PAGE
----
DHCP Relay Agents

The Dynamic Host Configuration Protocol (DHCP) is a service that runs at the application layer of the TCP/IP protocol stack to dynamically assign IP addresses to DHCP clients, and to allocate TCP/IP configuration information to DHCP clients. This includes subnet mask information, default gateway IP addresses, DNS IP addresses, and WINS IP addresses. The DHCP protocol is derived from the Bootstrap Protocol (BOOTP) protocol. The DHCP server is configured with a predetermined pool of IP addresses (scopes), from which it allocates IP addresses to DHCP clients. During the boot process, DHCP clients request IP addresses, and obtain leases for IP addresses from the DHCP server.

When the DHCP client boots up on the network, the DHCP lease process occurs between the DHCP server and DHCP client. During the DHCP lease process, the DHCP scopes configured for a DHCP server is used to provide DHCP clients with IP addresses.

The DHCP lease process consists of four messages sent between the DHCP server and the DHCP client:

  • DHCPDISCOVER message: This message is sent by a client when it boots up on the network to request an IP address lease from a DHCP server. The message is sent as a broadcast packet over the network, requesting for a DHCP server to respond to it.
  • DHCPOFFER message: This message is a response to a DHCPDISCOVER message, and is sent by one or numerous DHCP servers.DHCP Relay Agents
  • DHCPREQUEST message: The client sends the initial DHCP server which responded to its request a DHCP Request message. The message indicates that the client is requesting the particular IP address for lease.
  • DHCPACK message: The DHCP Acknowledge message is sent by the DHCP server to the DHCP client and is the process whereby which the DHCP server assigns the IP address lease to the DHCP client.

Because the DHCPDISCOVER message is a broadcast message, and broadcasts only cross other segments when they are explicitly routed, you might have to configure a DHCP Relay Agent on the router interface so that all DHCPDISCOVER messages can be forwarded to your DHCP server. Alternatively, you can configure the router to forward DHCP messages and BOOTP message. In a routed network, you would need DHCP Relay Agents if you plan to implement only one DHCP server.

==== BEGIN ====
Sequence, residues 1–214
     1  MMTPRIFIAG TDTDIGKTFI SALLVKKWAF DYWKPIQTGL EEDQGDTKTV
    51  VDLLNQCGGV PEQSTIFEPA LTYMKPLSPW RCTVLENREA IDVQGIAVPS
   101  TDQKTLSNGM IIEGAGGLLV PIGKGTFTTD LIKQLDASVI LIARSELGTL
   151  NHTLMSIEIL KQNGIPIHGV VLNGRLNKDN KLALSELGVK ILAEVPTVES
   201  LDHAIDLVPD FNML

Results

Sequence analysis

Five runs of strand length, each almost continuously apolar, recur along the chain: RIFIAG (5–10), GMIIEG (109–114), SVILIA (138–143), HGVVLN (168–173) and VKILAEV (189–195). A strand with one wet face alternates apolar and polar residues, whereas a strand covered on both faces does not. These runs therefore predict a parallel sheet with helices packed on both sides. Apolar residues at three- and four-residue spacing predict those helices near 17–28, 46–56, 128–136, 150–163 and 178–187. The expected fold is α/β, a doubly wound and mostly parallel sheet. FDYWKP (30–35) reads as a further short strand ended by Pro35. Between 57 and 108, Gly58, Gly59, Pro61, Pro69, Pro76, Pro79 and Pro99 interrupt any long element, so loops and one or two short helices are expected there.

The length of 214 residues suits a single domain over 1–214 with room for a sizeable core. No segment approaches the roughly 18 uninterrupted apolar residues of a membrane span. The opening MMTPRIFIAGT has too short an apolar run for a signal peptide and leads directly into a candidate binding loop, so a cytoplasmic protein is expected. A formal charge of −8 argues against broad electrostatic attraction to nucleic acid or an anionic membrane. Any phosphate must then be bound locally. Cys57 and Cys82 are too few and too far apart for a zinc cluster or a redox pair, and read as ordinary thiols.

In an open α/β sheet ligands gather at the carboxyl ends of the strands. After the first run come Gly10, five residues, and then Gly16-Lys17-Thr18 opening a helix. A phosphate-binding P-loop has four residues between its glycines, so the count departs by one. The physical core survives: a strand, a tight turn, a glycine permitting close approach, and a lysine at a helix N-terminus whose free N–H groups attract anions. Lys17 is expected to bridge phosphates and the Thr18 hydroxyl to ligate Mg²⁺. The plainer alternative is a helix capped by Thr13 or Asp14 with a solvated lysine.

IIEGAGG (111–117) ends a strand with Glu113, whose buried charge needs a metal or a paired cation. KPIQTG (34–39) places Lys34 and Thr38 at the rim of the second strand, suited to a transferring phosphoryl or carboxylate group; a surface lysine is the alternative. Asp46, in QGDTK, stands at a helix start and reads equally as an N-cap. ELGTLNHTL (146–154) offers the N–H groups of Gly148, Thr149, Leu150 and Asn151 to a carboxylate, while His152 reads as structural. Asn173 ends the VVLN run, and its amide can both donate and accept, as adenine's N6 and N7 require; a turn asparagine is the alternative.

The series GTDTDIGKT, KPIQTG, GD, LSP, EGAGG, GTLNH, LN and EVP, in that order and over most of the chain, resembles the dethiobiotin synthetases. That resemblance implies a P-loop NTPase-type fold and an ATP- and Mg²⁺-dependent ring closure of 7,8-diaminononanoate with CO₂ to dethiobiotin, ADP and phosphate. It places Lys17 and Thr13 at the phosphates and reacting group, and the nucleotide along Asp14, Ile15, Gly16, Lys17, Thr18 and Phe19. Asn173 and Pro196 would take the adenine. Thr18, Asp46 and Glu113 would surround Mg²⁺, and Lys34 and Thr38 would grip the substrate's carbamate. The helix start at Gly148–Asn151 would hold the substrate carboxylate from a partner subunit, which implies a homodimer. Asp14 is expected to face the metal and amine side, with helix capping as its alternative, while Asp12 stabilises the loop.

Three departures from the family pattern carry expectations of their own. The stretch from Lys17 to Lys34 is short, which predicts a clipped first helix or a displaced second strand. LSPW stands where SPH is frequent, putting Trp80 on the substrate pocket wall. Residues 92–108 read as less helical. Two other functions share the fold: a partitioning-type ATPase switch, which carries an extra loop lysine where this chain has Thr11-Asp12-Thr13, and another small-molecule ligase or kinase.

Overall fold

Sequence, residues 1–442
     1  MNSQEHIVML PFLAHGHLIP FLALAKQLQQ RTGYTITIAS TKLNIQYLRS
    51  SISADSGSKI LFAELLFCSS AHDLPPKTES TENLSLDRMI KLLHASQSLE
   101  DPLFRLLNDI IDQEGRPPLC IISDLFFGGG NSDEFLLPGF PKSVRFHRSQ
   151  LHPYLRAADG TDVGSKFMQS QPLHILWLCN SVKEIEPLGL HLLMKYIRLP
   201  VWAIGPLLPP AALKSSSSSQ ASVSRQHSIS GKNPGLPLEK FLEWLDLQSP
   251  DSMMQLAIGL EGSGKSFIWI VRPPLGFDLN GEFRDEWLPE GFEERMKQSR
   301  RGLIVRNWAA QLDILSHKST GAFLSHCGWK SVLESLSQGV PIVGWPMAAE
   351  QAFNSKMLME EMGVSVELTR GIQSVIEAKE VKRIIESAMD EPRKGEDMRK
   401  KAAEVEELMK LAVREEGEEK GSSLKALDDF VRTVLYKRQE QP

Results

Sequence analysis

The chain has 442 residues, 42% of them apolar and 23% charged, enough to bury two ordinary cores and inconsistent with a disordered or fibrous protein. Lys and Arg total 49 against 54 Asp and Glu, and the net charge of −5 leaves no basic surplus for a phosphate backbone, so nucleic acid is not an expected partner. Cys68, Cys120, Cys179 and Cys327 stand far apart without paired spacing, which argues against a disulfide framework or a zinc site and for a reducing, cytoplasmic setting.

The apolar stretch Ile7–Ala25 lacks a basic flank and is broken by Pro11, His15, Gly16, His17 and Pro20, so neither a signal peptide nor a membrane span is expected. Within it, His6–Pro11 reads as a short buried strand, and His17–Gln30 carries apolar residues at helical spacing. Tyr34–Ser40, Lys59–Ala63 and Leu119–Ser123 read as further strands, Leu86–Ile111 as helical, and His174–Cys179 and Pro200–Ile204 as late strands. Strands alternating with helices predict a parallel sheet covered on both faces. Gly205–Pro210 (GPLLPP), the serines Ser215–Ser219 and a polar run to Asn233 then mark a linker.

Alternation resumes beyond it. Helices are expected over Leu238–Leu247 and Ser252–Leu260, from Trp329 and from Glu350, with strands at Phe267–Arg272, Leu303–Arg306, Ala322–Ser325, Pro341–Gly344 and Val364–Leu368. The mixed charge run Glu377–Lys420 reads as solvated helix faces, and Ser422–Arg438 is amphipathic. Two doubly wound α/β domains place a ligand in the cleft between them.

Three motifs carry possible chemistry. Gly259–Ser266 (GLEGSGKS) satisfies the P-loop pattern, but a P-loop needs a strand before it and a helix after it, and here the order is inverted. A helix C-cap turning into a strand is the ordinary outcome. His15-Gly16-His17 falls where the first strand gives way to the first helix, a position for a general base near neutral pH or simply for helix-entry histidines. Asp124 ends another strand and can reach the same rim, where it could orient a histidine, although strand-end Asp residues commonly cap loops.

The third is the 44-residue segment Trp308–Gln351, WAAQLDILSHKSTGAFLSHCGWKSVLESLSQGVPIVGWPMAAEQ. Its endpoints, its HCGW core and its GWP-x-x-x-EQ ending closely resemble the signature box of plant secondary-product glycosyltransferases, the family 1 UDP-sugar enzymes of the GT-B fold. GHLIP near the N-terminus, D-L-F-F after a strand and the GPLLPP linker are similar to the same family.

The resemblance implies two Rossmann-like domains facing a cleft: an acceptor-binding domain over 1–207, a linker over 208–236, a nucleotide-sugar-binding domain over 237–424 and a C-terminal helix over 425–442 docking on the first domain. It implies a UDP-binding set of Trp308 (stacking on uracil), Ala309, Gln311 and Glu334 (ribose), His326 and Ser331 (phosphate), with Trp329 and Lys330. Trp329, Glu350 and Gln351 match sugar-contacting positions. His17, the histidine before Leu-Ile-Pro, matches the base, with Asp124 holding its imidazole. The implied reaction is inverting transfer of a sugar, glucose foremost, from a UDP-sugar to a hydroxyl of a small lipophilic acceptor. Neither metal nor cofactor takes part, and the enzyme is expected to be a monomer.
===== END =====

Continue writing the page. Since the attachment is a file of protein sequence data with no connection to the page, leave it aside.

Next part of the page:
For DHCP to operate, all of client computers should be able to contact the DHCP server. DHCP relies on the network topology, and is in turn relied on by all TCP/IP based hosts within your networking environment. Therefore, if your network has multiple segments, you have to perform either of the following:

  • Place a DHCP server on each segment.
  • Place a DHCP Relay Agent on each segment.
  • Configure your routers to forward broadcast messages.

The DHCP Relay Agent makes it possible for DHCP broadcast messages to be sent over routers that do not support forwarding of these types of messages. The DHCP Relay Agent is therefore the routing protocol that enables DHCP clients to obtain IP addresses from a DHCP server on a remote subnet, or which is not located on the local subnet. If you have no configured DHCP Relay Agent, your clients would only be able to obtain IP addresses from the DHCP server which is on the same subnet. To enable clients to obtain IP addresses from a DHCP server on a remote subnet, you have to configure the DHCP Relay Agent on the subnet that contains the remote clients, so that it can relay DHCP broadcast messages to your DHCP server.

The systems that can use the DHCP Relay Agent are:

  • Windows NT Server.
  • Windows 2000 Server.
  • Windows Server 2003.

In routed networks, you need to either enable your routers to forward DHCP broadcast messages or configure a DHCP Relay Agent for the following reasons:

  • The router will drop DHCP broadcast messages if it is not configured to forward them, and no DHCP Relay Agent exists.
  • The DHCP lease process would not be able to place. The initial message sent by the DHCP client is a broadcast message.

Configuring the DHCP Relay Agent

The process for configuring the DHCP Relay Agent is outlined below:

  • Enable Routing and Remote Access Server (RRAS).
  • Install the DHCP Relay Agent routing protocol.
  • Configure DHCP Relay Agent properties.
  • Configure/enable the DHCP Relay Agent on the router interface to forward DHCP broadcast messages.
  • View statistical information on the operation of the DHCP Relay Agent.